Professor David Cardwell, FREng, is Professor of Superconducting Engineering and Pro-Vice-Chancellor responsible for Strategy and Planning at the University of Cambridge. He was Head of the Engineering Department between 2014 and 2018. Prof. Cardwell, who established the Bulk Superconductor research group at Cambridge in 1992, has a world-wide reputation on the processing and applications of bulk high temperature superconductors. He was a founder member of the European Society for Applied Superconductivity (ESAS) in 1998 and has served as a Board member and Treasurer of the Society for the past 12 years. He is an active board member of three international journals, including Superconductor Science and Technology, and has authored over 380 technical papers and patents in the field of bulk superconductivity since 1987. He has given invited presentations at over 70 international conferences and collaborates widely around the world with academic institutes and industry. Prof. Cardwell was elected to a Fellowship of the Royal Academy of Engineering in 2012 in recognition of his contribution to the development of superconducting materials for engineering applications. He is currently a Distinguished Visiting Professor at the University of Hong Kong. He was awarded a Sc.D. by the University of Cambridge in 2014 and an honorary D.Sc. by the University of Warwick in 2015.
Professor David Larbalestier is Krafft Professor of Superconducting Materials at Florida State University and Chief Materials Scientist at the National High Magnetic Field Laboratory. He was for many years Director of the Applied Superconductivity Center, first at the University of Wisconsin in Madison (1991-2006) before moving the Center to the NHMFL at Florida State University, stepping down as Director in 2018. He has been deeply interested in understanding superconducting materials that are or potentially useful as conductors and made major contributions to the understanding and betterment of Nb-Ti alloys, Nb3Sn, YBa2Cu3O7-, Bi2Sr2Ca1Cu2Ox, (Bi,Pb)2Sr2Ca2Cu3Ox, MgB2 and the Fe-based compounds. Fabrication of high field test magnets has always been an interest, starting with the first high field filamentary Nb3Sn magnets while at Rutherford Laboratory and more recently the world’s highest field DC magnet (45.5 T using a 14.5 T REBCO insert inside a 31 T resistive magnet). These works are described in ~490 papers written in partnership with more than 70 PhD students and postdocs, as well as other collaborators. He was elected to the National Academy of Engineering in 2003 and is a Fellow of the APS, IOP, IEEE, MRS and AAAS. He received his B.Sc. (1965) and Ph.D. (1970) degrees from Imperial College at the University of London and taught at the University of Wisconsin in Madison from 1976-2006.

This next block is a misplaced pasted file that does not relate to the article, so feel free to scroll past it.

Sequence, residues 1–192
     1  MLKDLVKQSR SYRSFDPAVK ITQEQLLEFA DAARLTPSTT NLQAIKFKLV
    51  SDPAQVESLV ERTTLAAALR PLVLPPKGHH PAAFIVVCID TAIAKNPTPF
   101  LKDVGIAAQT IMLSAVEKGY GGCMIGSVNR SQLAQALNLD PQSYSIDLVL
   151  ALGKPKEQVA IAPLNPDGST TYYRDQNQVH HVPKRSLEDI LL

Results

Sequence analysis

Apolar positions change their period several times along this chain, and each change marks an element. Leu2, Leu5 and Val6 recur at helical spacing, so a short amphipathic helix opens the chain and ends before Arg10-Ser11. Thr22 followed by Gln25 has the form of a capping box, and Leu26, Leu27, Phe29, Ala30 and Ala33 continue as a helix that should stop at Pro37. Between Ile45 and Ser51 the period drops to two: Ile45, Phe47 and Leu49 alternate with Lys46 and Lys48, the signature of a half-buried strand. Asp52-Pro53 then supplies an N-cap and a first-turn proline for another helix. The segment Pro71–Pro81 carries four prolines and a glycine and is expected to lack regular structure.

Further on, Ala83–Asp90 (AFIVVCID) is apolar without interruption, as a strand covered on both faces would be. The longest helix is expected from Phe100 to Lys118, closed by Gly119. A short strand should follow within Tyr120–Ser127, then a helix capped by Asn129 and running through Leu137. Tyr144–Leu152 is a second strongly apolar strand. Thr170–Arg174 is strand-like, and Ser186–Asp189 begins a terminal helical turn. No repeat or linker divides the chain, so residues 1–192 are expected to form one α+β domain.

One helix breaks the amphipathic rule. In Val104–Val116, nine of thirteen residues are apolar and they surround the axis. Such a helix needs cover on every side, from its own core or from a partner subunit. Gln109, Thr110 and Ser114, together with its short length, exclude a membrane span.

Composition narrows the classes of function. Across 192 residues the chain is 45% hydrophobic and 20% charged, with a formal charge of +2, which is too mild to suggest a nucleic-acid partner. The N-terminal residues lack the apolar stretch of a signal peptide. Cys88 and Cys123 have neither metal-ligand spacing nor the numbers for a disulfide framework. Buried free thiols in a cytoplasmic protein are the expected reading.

Professor Alex Braginski is retired Director of a former Superconducting Electronics Institute at the Research Center Jülich (FZJ), retired Professor of Physics at the University of Wuppertal, both in Germany, and currently a guest researcher at FZJ. He received his doctoral and D.Sc. degrees in Poland, where in early 1950s he pioneered the development of ferrite technology and subsequently their industrial manufacturing, for which he received a Polish National Prize. He headed the Polfer Research Laboratory there until leaving Poland in 1966. At the Westinghouse R&D Center in Pittsburgh, PA, USA, he then in turn managed magnetics, superconducting materials and superconducting electronics groups until retiring in 1989. Personally contributed there to technology of thin-film Nb3Ge conductors and Josephson junctions (JJs), both A15 and high-Tc, also epitaxial. Invited by FZJ, he joined it and contributed to development of high-Tc JJs and RF SQUIDs. After retiring in 1989, was Vice President R&D at Cardiomag Imaging, Inc. in Schenectady, NY, USA, 2000-2002. Co-edited and co-authored The SQUID Handbook, 2004-2006, several book chapters, and authored or co-authored well over 200 journal publications and 17 patents. He founded and served as Editor of the IEEE CSC Superconductivity News Forum (SNF), 2007-2017. Is Fellow of IEEE and APS, and recipient of the IEEE CSC Award for Continuing and Significant Contributions in the Field of Applied Superconductivity, 2006.